You must give serious thought to the order in which you present your information. There needs to be logic to it – you cannot just present information in a random order. A discussion needs to be well structured and the structure should be obvious to the reader. Keep telling your reader what you are up to. 

Make sure you set out a clear plan in your introduction and then follow that structure in your discussion. Use ‘signposts’ to emphasis that you are following the plan (e.g. The second argument is…). Do not write too short or too long paragraphs (longer than two sentences, no longer than half a page). Each paragraph should have a topic sentence and should only discuss one idea – make sure your paragraphs are not too long. 

 Conclusion

You conclusion is a brief summary of the essay. Do not introduce any new information, and certainly do not leave your answer to the question (or instructions) until the conclusion. You need to avoid the use of quotes here.

Answer

BINGE DRINKING AND SYMBOLIC INTERACTIONISM


:Introduction

Binge Drinking is a huge issue in the contemporary society where lives are heavily affected and destroyed. Binge Drinking involves the heavy and excessive drinking of alcohol in an episodic manner that not only affects the mind and body of the individual, but it also puts strain on the social life of the individual. Binge Drinking is often induced due to a variety of factors such as tension, stress, sadness, excess money, or even plain habit of drinking (Hasselgård-Rowe et al., 2017). However, Symbolic Interactionism can be used to explain and elaborate the origin of the social issue of Binge Drinking. Moreover, it can also be stated that Symbolic Interactionism can help to mitigate the issue of Binge Drinking from the society. The following study critically analyses and evaluates Binge Drinking in Australian Context, Symbolic Interactionism, and Symbolic Interactionism in Binge Drinking.

Binge Drinking in Australian Context

In the contemporary society, one of the biggest prevalent issues is the issue of excessive drinking of alcoholic beverages. Excessive drinking of alcoholic beverages occur when an individual is faced with tension, stress, sadness, as well as the influence of their peers, excess money, or even a plain habit of drinking. This causes the individual to be heavily intoxicated with alcohol which affects his mind, senses, body, and even his social connections. This issue is called binge drinking (Fitzgerald & Jordan, 2016). Men and women who are adults comprise of the groups of people majorly affected by binge drinking. In Australia, 48% adult males as well as 32% adult females are stated to be affected by binge drinking once in a year while, 12% males and 4% females binge drink once in a week at the very least (Keatley et al., 2017). In the age group of 20 to 29, around 18% of the Australian population binge drinks once in a week at the very least and in the under 19 age group, it has been found that female binge drink more than males. The females account for 28.4% while males account for less than 24%. It has been found that binge drinking is prevalent in all age groups up to 55 due to a variety of factors including personal, social, and economical ones (Powers et al., 2016). Binge drinking is very harmful for the society as it not only makes an individual less social, but it also strains his or her social relationships and destroys them as a side effect. Moreover, binge drinking negatively impacts others and they either resent the individual or get influenced by the individual and start binge drinking themselves. Either way this leads to various issues and problems for the binge drinkers and they end up doing things they would never want to do in a normal stable condition (Kuntsche et al., 2017).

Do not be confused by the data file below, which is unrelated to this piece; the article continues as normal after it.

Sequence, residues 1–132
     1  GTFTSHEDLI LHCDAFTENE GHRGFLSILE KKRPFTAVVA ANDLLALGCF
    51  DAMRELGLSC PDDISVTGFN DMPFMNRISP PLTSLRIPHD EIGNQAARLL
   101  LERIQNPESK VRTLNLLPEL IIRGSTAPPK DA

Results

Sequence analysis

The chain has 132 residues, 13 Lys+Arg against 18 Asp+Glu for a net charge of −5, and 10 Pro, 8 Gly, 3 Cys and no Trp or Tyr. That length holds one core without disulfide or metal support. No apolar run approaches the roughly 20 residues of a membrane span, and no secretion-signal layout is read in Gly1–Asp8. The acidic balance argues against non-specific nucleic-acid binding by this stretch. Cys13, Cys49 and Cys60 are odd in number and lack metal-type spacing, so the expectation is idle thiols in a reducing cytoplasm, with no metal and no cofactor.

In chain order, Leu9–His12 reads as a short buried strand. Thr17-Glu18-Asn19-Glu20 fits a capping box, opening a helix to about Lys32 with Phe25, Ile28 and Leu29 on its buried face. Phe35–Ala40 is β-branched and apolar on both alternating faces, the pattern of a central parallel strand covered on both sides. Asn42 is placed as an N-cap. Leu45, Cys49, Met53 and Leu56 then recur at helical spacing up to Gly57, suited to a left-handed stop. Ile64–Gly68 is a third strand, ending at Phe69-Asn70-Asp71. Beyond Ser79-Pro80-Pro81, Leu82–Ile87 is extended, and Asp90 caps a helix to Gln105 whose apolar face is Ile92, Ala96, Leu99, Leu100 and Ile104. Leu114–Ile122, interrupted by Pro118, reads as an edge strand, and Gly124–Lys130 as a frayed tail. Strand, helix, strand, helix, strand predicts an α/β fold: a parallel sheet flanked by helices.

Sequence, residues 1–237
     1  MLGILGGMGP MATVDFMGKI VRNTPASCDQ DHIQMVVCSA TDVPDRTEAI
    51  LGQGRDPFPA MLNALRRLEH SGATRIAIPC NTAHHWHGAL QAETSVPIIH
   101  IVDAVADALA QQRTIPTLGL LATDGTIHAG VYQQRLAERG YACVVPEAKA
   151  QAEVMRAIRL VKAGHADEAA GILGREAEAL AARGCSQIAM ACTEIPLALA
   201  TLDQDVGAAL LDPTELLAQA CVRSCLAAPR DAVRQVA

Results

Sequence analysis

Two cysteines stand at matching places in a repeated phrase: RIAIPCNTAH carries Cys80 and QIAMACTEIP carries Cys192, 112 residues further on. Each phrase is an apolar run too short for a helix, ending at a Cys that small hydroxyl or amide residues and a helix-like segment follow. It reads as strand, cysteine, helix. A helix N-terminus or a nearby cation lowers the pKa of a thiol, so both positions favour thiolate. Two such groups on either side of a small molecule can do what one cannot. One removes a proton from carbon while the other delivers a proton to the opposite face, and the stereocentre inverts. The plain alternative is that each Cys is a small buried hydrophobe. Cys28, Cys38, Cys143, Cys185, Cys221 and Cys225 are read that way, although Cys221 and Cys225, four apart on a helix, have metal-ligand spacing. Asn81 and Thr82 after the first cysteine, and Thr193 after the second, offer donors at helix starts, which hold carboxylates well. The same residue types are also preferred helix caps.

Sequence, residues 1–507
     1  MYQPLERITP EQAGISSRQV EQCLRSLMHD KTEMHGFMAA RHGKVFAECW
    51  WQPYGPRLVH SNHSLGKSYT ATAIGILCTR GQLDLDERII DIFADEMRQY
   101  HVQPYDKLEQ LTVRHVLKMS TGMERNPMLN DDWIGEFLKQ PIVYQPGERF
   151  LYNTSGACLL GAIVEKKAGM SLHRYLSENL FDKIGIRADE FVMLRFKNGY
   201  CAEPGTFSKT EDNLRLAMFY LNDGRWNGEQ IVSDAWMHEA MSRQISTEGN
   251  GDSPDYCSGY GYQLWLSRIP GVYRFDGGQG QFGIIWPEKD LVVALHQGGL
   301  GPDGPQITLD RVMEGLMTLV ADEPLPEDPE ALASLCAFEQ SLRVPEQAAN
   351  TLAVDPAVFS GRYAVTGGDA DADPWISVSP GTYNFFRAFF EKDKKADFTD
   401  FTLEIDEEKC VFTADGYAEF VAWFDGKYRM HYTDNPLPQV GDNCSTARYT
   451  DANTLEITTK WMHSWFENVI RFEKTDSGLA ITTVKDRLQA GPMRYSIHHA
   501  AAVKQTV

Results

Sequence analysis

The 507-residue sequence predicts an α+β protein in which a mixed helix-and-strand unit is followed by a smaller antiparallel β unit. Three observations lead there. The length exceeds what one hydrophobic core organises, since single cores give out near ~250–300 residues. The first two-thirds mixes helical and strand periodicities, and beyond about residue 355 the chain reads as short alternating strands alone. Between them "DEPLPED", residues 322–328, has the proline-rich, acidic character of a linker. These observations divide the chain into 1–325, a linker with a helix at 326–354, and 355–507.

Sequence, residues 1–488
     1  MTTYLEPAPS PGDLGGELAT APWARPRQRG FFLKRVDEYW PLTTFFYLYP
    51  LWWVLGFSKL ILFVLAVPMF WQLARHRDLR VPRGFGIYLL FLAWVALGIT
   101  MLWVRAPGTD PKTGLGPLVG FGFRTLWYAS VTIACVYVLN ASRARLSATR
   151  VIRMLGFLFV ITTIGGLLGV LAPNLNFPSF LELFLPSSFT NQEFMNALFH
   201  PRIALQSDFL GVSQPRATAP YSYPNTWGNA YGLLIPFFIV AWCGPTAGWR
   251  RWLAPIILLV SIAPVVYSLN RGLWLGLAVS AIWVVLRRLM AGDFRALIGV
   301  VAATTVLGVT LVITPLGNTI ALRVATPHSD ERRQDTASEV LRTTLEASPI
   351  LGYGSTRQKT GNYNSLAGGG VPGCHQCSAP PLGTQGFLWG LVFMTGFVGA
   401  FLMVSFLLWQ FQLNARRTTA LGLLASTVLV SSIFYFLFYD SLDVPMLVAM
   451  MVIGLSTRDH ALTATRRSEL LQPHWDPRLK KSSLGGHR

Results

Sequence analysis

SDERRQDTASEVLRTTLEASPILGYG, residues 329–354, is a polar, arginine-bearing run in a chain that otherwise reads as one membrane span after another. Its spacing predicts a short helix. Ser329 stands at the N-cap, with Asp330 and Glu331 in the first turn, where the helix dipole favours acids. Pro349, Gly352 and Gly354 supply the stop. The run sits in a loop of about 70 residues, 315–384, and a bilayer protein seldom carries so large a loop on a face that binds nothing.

Symbolic Interactionism

Symbolic Interactionism is a sociology which helps mainly the mentally-weak people to interact with the sound-mind persons; it is a framework that helps the society to better understand the interactions among the individuals in a society (Rock, 2016) It is a process of understanding the interpretations that affect the interactions between the individuals. It is a social perspective which developed in the middle of the twentieth century and it spread all over the world. George Herbert Mead is considered as a founder of symbolic interactionism but his work never came into light (Denzin, 2016). The study involves observations of one-on-one interactions between the individuals within a society. In simple words, it can be explained as theory that teaches how to interact with the people and to study their behaviour in terms by symbolic means. It is parallel relationship between an individual’s behaviour and the meaning of symbols in such a manner that the behaviour can be predicted. It gives a depth understanding of interactions to the individuals. It considers human as an active and creative participants who can construct their own social world not just as passive, simple objects of socialization. It identifies the social perspectives of reality are variable and changing. It helps the individuals to learn and get know-how about the symbolic languages in the social environment. It has some weaknesses which shows its other perspectives as well, by using symbolic languages it can be interpreted wrongly or differently among different groups of people in a society that can result as a bad behaviour done by an individual as everyone has its own mentality, anyone can take that interpretation wrongly without understanding its meaning (Vannini, 2016) By using symbolic languages a problem most often occurs that it gets hard to identify and quantify things in symbolic language because the theory mainly deals with the interpretations and it is subjective in nature (Tzeng, 2017)